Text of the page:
* I’m pretty thrilled to attend the first annual Cocktail Magic in Boston on Saturday, March 26. This city’s best bartenders – best bartenders, best people – will make drinks. There will be music and pizza by Roberta’s. Get your tickets right here, right now.

* There are about a million spice mixes on the Internet. In addition to this cinnamon and cumin mix, you may want to take a peek at these favorite recipes from my favorites: Molly’s Hawaij Spice Blend, Nik’s Garam Masala, and Heidi’s Za’atar and Dukkah recipes.

Roasted Carrots with Cinnamon and Cumin (Amy's Spice Mix)

What is Amy’s Spice Mix? Read the story above for all the background and/or just make your own right now.

Serves: 4


Amy's Spice Mix
  • 1 part ground cumin
  • 1 part ground cinnamon
Roasted Carrots with Cinnamon and Cumin
  • 1 bunch (about 10 to 12) thin carrots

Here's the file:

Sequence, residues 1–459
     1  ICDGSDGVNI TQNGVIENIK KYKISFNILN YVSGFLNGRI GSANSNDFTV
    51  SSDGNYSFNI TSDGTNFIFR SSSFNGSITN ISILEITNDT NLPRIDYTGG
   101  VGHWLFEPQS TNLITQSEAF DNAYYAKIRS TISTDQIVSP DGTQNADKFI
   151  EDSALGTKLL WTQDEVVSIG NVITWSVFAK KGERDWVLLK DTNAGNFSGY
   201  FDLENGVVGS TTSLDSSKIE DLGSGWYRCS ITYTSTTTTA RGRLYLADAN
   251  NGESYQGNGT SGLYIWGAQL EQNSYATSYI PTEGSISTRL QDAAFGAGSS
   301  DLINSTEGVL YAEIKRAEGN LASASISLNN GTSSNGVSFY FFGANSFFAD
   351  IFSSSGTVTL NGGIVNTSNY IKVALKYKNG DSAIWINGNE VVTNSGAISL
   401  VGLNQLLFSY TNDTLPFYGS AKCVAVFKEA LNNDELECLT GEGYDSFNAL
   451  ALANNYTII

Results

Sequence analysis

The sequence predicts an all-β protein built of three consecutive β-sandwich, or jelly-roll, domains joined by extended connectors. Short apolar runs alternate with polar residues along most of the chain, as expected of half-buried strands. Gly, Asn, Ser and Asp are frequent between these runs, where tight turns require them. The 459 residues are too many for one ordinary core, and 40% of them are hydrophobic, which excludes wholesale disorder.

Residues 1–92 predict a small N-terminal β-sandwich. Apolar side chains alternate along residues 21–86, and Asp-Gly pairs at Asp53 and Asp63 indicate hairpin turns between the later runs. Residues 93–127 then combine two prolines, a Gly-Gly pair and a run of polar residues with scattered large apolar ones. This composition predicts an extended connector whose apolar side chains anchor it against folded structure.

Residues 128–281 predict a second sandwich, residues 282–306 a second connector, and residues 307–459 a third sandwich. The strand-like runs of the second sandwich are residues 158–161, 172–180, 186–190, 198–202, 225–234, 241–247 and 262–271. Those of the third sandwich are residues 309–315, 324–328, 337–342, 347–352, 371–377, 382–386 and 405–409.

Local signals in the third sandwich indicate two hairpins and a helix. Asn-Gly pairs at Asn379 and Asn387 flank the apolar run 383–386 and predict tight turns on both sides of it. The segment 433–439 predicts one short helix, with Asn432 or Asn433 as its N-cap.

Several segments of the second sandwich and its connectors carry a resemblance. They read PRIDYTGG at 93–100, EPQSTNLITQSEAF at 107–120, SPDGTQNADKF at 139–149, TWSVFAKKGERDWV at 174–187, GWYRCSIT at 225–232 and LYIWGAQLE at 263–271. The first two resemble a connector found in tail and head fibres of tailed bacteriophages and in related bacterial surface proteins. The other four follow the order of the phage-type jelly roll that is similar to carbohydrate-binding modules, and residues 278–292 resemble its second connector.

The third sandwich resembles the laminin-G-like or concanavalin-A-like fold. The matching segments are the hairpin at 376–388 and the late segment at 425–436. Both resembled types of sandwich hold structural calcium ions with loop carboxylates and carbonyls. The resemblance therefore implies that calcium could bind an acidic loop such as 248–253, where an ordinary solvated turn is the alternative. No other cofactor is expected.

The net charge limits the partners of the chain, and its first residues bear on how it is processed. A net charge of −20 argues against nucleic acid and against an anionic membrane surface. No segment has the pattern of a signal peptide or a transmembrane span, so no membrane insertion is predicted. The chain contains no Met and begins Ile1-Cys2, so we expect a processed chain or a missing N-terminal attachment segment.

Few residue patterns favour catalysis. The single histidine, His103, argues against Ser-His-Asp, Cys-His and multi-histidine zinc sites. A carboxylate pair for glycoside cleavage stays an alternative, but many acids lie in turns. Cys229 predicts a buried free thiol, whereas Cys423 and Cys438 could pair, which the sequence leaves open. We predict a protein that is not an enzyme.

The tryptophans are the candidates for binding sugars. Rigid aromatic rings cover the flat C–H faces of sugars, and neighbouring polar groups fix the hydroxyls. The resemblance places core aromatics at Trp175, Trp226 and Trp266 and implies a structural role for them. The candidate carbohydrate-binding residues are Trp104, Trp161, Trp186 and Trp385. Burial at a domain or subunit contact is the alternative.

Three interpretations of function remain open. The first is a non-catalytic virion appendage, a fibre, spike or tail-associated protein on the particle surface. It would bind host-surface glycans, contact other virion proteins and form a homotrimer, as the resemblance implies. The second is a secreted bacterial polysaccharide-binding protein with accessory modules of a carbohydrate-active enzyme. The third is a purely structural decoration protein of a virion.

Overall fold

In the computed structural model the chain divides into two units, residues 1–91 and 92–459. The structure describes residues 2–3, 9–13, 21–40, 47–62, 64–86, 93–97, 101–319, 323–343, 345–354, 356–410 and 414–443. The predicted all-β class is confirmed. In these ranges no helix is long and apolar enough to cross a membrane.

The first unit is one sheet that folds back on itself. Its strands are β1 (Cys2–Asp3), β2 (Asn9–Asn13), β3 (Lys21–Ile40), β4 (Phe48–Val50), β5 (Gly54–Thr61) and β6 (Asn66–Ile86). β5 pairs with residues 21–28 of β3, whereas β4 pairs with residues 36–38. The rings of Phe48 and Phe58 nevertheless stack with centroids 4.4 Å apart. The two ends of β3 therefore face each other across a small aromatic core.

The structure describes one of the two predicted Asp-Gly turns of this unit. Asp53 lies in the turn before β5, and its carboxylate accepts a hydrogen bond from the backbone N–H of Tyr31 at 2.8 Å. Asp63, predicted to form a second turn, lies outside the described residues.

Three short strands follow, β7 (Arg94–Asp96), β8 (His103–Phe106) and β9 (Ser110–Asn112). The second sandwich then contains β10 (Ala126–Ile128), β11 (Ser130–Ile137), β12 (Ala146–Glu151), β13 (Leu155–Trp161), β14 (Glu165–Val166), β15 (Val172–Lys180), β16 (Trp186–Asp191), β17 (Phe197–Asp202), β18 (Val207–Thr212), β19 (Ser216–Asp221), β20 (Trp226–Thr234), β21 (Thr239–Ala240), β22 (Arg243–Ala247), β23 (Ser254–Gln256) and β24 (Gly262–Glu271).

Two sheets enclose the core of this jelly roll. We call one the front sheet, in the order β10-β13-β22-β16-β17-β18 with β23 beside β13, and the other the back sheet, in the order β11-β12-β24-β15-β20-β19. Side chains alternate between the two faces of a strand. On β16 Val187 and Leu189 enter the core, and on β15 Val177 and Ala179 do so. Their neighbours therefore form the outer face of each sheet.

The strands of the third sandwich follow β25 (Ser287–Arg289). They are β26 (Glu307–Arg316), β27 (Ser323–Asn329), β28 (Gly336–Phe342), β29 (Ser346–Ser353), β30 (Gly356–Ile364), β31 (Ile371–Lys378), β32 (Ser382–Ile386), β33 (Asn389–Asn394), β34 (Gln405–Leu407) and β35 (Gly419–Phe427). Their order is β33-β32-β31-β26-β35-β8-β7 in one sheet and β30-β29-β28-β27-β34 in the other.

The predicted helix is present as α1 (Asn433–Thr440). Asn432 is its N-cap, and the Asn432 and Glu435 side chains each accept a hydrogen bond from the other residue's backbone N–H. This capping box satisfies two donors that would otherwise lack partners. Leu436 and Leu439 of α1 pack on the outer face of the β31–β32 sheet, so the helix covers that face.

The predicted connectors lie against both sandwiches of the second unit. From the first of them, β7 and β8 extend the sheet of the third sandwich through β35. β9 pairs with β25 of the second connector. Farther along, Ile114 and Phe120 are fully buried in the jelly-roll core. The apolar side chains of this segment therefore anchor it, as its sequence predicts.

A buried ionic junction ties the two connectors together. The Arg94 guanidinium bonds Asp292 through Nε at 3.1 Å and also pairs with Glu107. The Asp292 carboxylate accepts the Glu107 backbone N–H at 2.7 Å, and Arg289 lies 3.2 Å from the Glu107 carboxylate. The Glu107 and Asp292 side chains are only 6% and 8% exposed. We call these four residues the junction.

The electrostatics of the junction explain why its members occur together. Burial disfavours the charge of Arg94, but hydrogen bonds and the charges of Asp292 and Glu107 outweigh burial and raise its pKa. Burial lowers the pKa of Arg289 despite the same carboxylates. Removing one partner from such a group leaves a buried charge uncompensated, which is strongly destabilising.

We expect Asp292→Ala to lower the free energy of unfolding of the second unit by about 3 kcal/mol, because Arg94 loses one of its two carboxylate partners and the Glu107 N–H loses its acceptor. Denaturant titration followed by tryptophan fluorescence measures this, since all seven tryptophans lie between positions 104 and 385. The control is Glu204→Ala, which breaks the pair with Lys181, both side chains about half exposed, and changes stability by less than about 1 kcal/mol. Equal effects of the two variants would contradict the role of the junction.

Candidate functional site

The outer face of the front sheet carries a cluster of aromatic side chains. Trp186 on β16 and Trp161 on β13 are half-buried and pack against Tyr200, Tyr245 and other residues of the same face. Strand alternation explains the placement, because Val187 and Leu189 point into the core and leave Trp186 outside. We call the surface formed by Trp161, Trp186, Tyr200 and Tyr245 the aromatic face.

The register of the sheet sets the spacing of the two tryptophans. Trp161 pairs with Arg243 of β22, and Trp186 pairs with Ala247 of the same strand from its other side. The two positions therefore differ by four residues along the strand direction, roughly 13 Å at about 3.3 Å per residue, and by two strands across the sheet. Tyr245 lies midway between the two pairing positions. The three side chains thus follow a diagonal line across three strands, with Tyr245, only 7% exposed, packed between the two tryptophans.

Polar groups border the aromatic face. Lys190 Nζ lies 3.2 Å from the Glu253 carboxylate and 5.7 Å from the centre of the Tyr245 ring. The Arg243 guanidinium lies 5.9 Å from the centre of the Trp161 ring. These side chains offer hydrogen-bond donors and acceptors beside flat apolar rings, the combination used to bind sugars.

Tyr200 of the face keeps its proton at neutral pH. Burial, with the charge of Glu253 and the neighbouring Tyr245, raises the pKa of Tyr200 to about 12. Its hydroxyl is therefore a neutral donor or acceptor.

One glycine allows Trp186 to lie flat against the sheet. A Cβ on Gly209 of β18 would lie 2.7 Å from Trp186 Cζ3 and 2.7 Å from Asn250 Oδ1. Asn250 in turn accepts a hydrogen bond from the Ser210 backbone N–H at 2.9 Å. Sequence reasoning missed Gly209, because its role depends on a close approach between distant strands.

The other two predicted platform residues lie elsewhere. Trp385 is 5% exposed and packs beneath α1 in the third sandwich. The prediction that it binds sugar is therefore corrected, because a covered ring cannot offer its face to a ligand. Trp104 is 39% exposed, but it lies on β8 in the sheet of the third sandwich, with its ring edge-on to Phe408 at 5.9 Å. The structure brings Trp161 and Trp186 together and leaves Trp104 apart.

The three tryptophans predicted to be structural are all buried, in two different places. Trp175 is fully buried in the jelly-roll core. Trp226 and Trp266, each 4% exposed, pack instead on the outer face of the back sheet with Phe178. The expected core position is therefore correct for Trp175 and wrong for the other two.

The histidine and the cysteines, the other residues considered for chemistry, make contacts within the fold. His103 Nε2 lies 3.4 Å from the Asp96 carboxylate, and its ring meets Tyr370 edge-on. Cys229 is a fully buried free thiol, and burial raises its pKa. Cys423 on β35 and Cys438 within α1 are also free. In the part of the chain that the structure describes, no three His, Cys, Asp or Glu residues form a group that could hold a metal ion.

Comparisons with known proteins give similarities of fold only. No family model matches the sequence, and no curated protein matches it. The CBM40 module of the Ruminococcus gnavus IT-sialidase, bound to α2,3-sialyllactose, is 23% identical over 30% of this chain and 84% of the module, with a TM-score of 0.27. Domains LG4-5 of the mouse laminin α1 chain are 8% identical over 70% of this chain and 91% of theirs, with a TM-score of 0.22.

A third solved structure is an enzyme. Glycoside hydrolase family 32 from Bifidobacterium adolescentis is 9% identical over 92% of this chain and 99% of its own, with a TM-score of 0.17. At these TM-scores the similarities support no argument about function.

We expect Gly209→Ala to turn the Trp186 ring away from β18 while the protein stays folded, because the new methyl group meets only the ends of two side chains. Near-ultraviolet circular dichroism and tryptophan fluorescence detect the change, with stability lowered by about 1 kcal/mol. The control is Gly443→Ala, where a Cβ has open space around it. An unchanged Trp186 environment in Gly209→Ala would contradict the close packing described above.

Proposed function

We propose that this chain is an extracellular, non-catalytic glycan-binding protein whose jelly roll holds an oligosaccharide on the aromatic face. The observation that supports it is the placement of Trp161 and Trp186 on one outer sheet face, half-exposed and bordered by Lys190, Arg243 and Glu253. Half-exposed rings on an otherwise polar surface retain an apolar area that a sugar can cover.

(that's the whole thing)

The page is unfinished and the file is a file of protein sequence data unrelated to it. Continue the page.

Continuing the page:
• 1 tablespoon Amy's Spice Mix
  • 1 tablespoon extra-virgin olive oil
  • Sea salt, for sprinkling


Make Amy's Spice Mix
  1. Mix equal parts ground cinnamon and ground cumin in a jar. Shake, shake, shake. Use liberally and make more. It keeps for up to one year in an airtight jar.
Make the carrots
  1. Preheat your oven to 375°F. Clean and trim the carrots. Line a baking sheet with parchment paper.
  2. Place your carrots on the lined tray. Sprinkle with Amy's Spice Mix, oil, and sea salt. Toss with your hands to ensure each carrot is glistening and speckled.
  3. Roast in your oven for about 25 to 30 minutes, or until the carrots have wilted, become a little wrinkly, crisping up at the tips. With a fork, pierce the carrots to test for doneness and make sure they're cooked to your liking.
  4. Serve immediately, with more sea salt on the side.
Photography by Heidi Murphy/White Loft Studio

Eat Boutique was an award-winning shop and story-driven recipe site created by Maggie Battista – an author, business guide and alignment seeker. After hosting retail markets for 25,000+ guests, Maggie now supports entrepreneurs as they create values-based businesses through We Are Magic StudioFollow Maggie Battista on Instagram.